Urgent need for more evidence on COVID-19 effects on women and men in food systems
The CGIAR GENDER Platform has commissioned four new research projects to investigate and generate evidence on the different ways that COVID-19 impacts women and men in food systems. The projects, running until March 2022, will develop and share evidence-based recommendations for how to ensure development efforts can underpin—not undermine—gender equality.
Research on COVID-19 and the social, economic, food and health ramifications of this pandemic is rapidly emerging from many disciplines. The disproportionately negative economic impact of COVID-19 on women compared to men has already been widely documented, and early concerns that we might loose hard-earned progress on gender equality seem more and more valid.
Now, research is increasingly beginning to consider the role gender plays in how COVID-19 affects societies. Gendered impacts of COVID-19 include an increase in unpaid labor, disproportionate levels of unemployment, violence against women and increased barriers to ensuring food and nutrition security for vulnerable and marginalized populations globally. The pandemic has demonstrated that our understanding of gender dynamics in food systems is incomplete.
More research on these dynamics is urgently needed so that we will be able to identify patterns and trends of the gendered impact on food systems. We know strengthening women’s roles and agency is important to ensure that shocks—such as COVID-19—can be minimized and that food and nutrition security can be maintained. But with more and better evidence, we will be able to design gender-responsive research as well as development interventions and policies that can anticipate and address how external shocks, such as COVID-19, represent gendered risks to food systems.
What we don’t know about COVID-19 and food systems
A recent rapid mapping of the ongoing, planned and completed research on COVID-19, based on information available online and collected from CGIAR centers, revealed key patterns and gaps. Due to restricted mobility during the pandemic, much of the research employed phone-based surveys and SMS to interact with respondents, with a few interviews conducted face to face. Secondary data and global big data sets have been extensively utilized to provide the context. Generally, both qualitative and quantitative methods were used.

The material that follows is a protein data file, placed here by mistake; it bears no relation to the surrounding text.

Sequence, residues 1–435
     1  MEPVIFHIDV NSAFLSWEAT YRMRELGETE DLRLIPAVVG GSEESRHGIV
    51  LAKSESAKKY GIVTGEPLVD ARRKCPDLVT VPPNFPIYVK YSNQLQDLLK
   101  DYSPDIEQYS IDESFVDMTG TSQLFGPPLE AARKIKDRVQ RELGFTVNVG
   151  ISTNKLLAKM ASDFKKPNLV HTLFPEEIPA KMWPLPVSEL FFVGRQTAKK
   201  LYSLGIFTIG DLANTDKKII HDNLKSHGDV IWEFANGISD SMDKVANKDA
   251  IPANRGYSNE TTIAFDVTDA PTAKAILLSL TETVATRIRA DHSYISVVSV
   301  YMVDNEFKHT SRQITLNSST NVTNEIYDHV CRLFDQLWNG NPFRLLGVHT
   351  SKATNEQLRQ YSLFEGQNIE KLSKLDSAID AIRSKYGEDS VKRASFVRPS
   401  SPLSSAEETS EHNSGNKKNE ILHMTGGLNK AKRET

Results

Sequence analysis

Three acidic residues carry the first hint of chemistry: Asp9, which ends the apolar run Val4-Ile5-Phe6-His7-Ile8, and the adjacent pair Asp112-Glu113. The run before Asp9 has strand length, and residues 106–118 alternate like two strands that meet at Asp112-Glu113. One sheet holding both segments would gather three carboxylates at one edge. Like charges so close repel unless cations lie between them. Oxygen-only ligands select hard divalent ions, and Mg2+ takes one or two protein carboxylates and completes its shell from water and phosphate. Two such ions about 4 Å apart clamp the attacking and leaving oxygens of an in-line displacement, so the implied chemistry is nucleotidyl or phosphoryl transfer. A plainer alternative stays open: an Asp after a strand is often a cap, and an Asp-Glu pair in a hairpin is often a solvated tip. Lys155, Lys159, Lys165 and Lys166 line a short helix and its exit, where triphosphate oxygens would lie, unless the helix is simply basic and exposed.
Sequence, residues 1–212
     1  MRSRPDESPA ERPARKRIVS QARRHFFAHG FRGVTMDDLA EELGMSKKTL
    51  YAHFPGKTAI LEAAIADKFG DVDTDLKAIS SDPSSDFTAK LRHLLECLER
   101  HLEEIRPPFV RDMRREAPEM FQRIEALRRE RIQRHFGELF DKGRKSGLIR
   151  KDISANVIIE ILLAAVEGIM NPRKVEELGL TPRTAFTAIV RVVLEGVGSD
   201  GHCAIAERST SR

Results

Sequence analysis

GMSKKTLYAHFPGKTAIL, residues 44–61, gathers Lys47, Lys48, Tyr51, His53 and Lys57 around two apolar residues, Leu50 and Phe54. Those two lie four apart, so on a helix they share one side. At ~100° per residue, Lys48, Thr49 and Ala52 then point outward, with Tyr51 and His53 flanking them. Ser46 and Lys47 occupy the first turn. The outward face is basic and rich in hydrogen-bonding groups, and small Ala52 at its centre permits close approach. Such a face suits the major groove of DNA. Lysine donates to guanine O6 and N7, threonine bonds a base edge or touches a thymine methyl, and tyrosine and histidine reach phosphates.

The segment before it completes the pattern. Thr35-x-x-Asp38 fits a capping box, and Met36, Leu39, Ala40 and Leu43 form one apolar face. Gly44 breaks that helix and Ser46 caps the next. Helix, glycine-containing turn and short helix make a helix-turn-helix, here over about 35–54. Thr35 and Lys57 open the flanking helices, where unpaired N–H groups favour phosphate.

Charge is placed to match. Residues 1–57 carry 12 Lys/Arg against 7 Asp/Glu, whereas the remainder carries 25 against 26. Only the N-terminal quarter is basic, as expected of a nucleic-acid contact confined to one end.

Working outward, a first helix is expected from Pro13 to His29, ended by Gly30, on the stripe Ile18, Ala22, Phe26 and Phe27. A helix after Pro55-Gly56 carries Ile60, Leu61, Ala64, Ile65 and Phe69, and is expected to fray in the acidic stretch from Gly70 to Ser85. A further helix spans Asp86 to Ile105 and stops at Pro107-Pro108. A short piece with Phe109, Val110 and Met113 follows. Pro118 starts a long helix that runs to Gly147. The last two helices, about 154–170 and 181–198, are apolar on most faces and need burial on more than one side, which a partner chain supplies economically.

The main themes investigated so far are labor, employment, unpaid care work, food and nutrition insecurity, livelihoods, women’s collectives, social norms, behavioral responses, migration and women’s businesses. This review also revealed important gaps that need further research to substantiate the current discourse on the impact of the pandemic on gender dynamics that affect agriculture and food systems.
The mapping showed, for example, that more research is needed on the role of women’s collectives to help meet health, food and economic needs of women and families during the pandemic. Existing gender gaps are exacerbating the implementation of social protection schemes to support women and girls during the pandemic. New evidence on the impact on women’s employment could inform design of better targeted social protection programs, cash transfers, and relief measures as well as influence behavior change and policies. More research is also needed on changes in gender dynamics within households and within societies, all of which will affect availability, access, utilization and stability in food systems during and after the COVID-19 pandemic.
Geographically, existing COVID-19 research has covered West, East, South and Central Africa to some extent, while information from North Africa is limited. Very little information was available from South East Asian and Pacific countries, while evidence from South Asia focused on few topics. Research from the Middle East and North Africa region as well as South America appears to be limited, but this could be due to language barriers.
Four new projects on COVID-19, gender and food systems
To fill some of the gaps revealed through this recent evidence mapping, the CGIAR GENDER Platform, through its Evidence module, is supporting four new projects. The projects will generate new evidence on the gendered effects of COVID-19 on food systems, particularly within areas that are so far under-investigated. These include changes in relationships within households with consequences for resilience, food and nutrition security, incomes and more; women’s and men’s roles and power relations affecting food access and availability; and impacts on women's agri-business enterprises. The geographic scope spans Egypt, Zambia, Malawi, Vietnam and Myanmar: